Land disputes are considered both key sources and perpetuating factors of conflict in the eastern Democratic Republic of the Congo (DRC). Over the years, scholars and practitioners have identified a number of critical land-related factors contributing to violence and conflict. These include a considerable diversity of forms of land governance that are fostered by: the existence of overlapping legal frameworks and weaknesses in statutory land law; increased competition over land, including among elites and between autochthonous and migrant communities, sometimes resulting from large-scale displacement; and the poor performance of the administration and justice system in the settlement of land disputes.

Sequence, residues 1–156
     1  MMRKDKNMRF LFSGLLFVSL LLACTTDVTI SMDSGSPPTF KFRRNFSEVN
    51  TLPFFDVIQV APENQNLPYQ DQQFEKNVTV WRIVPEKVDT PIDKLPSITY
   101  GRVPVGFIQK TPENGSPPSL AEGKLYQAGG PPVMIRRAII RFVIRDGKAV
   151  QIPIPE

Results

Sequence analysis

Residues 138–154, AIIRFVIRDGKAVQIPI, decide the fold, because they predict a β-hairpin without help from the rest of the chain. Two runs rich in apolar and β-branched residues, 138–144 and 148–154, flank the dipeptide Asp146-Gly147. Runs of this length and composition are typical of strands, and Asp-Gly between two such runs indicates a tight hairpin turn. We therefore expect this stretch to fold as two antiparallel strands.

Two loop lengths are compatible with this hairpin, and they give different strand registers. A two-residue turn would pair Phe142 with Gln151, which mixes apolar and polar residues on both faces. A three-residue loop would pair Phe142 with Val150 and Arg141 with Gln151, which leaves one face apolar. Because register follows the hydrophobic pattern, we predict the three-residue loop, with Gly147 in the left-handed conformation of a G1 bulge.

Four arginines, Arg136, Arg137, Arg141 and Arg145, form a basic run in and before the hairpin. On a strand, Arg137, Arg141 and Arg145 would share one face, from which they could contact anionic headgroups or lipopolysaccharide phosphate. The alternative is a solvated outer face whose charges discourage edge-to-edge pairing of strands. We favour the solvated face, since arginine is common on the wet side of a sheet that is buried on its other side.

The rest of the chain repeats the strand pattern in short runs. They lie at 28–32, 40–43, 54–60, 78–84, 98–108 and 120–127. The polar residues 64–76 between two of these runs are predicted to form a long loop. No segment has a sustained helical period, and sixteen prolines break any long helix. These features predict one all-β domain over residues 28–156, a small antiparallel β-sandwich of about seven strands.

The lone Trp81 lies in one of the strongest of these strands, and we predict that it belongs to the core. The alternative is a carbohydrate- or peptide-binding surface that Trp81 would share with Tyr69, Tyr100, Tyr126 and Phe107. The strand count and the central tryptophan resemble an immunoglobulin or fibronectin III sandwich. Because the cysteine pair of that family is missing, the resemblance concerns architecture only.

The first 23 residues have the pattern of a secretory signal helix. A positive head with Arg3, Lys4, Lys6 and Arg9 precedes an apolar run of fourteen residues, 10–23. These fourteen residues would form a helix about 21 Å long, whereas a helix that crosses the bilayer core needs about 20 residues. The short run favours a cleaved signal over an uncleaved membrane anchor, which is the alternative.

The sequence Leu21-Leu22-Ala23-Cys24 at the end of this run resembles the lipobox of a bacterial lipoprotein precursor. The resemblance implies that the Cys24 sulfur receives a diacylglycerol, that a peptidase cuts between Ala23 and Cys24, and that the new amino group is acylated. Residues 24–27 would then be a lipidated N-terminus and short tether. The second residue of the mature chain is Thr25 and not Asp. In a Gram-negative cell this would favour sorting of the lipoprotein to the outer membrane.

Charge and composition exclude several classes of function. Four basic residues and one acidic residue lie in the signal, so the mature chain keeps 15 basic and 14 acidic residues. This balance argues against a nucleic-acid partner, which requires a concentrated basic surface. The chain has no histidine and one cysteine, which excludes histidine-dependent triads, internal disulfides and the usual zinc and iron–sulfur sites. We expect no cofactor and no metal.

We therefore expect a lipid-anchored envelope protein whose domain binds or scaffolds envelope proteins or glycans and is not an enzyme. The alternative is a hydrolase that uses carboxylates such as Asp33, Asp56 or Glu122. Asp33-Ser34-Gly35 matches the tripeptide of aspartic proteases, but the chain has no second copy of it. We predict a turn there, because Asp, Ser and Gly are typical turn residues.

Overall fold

This briefing argues that many land-related disputes are not only about land but also an expression of the effects of the Congo’s governance crisis. The options people have to settle their disputes in a peaceful, formal and durable manner are limited, not least due the state-led justice system’s weak performance, which is experienced as corrupt, slow, biased or barely accessible. This explains why disputants resort to a multitude ￼￼￼ ￼￼￼of alternative conflict resolution, mediation and arbitration mechanisms, involving a wide range of state and non-state actors and structures, some of which have been introduced with the support of external actors.